Combating Smuggling: What Games We Are Playing: An Indonesian Case Study

Hidajat Hendarsjah

Abstract


Intuitively, a person’s behavioral tendency to corrupt seems to follow several incentives that bound with the outcomes. But changes in outcomes’ payoffs do not always directly affect to person behavior. In games with mixed equilibrium presences, probability of actions taken by other parties (in this paper, “to inspect” and “do not inspect”) will alter a person tendency whether “to comply” or “to cheat”, as shown in garment smuggling case in Indonesia. Game theoretic concepts were employed in this paper to perform framework for analysis in describing the actions of interdependent agents. When the game has mixed equilibrium, probability of one player to take one strategic action does not depend on the opponent’s payoffs (i.e. maximum penalty). What does change is the probability of the opponent’s strategic actions.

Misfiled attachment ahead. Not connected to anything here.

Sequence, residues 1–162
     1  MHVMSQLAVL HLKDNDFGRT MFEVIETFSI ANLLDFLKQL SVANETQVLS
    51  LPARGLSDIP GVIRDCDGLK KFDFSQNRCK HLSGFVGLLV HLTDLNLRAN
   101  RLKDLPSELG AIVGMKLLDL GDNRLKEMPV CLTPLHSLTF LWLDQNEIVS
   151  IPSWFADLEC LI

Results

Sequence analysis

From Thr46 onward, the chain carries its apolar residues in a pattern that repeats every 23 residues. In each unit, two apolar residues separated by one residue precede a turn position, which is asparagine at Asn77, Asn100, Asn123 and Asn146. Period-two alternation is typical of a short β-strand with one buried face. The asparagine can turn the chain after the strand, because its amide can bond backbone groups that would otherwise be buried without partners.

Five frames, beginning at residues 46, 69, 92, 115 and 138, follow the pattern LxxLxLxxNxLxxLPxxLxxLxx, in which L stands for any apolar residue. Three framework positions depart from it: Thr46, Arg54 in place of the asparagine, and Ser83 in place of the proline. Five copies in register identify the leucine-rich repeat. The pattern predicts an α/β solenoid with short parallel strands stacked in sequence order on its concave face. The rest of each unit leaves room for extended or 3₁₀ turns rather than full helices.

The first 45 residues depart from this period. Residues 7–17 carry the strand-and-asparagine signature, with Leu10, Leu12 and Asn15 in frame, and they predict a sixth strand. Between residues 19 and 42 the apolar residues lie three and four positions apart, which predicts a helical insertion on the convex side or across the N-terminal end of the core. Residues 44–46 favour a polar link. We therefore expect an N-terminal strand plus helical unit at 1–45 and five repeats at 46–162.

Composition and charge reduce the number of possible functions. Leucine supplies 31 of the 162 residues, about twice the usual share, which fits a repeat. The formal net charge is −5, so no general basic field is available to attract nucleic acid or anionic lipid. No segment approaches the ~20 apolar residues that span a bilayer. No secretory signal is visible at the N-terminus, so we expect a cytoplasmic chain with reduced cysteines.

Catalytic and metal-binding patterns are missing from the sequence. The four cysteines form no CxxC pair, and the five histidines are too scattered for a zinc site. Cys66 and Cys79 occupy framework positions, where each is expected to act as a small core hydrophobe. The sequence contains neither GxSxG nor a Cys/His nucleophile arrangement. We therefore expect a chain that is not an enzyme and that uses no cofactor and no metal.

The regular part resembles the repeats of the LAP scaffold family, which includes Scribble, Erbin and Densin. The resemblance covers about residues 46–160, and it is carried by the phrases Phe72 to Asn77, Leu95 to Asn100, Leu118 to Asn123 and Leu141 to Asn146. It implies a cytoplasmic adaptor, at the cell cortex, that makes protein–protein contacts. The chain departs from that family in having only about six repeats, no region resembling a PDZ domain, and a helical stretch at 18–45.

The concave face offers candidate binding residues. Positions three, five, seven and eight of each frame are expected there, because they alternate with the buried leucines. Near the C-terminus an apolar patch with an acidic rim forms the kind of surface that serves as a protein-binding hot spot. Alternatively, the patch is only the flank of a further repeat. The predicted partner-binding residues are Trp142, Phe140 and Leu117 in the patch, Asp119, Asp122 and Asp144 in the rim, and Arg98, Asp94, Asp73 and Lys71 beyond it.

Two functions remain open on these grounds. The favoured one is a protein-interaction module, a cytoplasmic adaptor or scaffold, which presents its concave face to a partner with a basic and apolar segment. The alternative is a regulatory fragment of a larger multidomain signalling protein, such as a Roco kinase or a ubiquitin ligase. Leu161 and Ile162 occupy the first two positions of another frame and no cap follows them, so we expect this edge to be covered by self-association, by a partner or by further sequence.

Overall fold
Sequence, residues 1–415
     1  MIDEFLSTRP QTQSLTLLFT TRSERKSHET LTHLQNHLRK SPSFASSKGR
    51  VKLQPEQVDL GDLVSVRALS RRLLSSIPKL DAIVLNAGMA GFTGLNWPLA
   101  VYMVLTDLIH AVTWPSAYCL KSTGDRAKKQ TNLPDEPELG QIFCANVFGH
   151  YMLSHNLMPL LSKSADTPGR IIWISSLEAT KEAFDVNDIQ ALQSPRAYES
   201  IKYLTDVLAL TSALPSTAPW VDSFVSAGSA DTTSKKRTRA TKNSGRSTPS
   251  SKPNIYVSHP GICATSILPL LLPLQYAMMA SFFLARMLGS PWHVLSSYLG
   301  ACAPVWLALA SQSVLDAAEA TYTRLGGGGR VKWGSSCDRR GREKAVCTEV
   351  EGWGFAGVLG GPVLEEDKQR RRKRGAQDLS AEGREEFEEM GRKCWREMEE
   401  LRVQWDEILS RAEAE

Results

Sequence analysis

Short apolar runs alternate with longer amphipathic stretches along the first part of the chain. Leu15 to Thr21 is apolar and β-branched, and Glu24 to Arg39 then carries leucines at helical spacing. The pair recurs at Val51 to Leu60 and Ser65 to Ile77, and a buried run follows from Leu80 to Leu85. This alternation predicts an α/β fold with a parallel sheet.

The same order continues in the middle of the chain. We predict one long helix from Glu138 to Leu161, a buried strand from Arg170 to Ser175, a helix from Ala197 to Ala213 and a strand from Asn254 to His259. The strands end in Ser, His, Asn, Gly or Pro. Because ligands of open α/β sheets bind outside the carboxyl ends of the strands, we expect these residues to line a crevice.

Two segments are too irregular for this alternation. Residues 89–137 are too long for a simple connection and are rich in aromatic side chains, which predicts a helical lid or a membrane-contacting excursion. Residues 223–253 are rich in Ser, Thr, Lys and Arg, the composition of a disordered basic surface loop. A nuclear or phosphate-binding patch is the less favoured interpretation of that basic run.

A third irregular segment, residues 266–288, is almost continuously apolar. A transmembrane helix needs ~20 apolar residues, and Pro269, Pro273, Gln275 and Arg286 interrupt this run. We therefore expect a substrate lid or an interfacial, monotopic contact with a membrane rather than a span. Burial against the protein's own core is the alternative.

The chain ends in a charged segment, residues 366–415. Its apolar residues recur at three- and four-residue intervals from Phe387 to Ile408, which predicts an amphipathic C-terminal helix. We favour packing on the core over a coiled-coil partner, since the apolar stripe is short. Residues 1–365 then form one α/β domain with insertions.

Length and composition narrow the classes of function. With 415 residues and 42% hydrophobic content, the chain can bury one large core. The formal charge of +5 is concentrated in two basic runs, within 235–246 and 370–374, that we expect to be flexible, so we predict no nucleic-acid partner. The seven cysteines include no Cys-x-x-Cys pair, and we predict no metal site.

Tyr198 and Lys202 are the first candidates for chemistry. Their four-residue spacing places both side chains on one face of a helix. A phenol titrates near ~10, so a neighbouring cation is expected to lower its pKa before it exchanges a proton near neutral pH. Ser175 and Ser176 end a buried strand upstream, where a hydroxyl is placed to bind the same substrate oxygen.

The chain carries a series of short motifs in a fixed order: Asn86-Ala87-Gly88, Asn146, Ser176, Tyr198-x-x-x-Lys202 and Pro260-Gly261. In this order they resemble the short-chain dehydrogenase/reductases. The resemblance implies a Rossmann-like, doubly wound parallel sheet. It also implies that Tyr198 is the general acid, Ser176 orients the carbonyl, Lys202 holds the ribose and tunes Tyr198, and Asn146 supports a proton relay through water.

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DOI: http://dx.doi.org/10.20961/smbr.v1i1.1326

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